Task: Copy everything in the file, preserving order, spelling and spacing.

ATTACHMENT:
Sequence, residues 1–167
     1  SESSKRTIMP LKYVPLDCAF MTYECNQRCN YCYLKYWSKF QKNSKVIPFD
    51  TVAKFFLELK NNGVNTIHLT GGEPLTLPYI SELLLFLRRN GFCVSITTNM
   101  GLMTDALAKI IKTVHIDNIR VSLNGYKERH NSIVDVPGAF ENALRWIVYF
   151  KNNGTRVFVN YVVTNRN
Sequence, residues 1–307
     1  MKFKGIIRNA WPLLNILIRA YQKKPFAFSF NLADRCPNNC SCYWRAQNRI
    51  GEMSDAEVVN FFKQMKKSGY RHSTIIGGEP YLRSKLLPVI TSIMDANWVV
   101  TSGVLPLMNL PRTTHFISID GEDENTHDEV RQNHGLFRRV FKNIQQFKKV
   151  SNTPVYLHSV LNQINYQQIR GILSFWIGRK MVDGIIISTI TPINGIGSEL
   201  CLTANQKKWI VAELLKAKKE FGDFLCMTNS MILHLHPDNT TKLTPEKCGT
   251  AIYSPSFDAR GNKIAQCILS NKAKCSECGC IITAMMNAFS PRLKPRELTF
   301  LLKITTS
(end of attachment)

Sequence, residues 1–167
     1  SESSKRTIMP LKYVPLDCAF MTYECNQRCN YCYLKYWSKF QKNSKVIPFD
    51  TVAKFFLELK NNGVNTIHLT GGEPLTLPYI SELLLFLRRN GFCVSITTNM
   101  GLMTDALAKI IKTVHIDNIR VSLNGYKERH NSIVDVPGAF ENALRWIVYF
   151  KNNGTRVFVN YVVTNRN
Sequence, residues 1–307
     1  MKFKGIIRNA WPLLNILIRA YQKKPFAFSF NLADRCPNNC SCYWRAQNRI
    51  GEMSDAEVVN FFKQMKKSGY RHSTIIGGEP YLRSKLLPVI TSIMDANWVV
   101  TSGVLPLMNL PRTTHFISID GEDENTHDEV RQNHGLFRRV FKNIQQFKKV
   151  SNTPVYLHSV LNQINYQQIR GILSFWIGRK MVDGIIISTI TPINGIGSEL
   201  CLTANQKKWI VAELLKAKKE FGDFLCMTNS MILHLHPDNT TKLTPEKCGT
   251  AIYSPSFDAR GNKIAQCILS NKAKCSECGC IITAMMNAFS PRLKPRELTF
   301  LLKITTS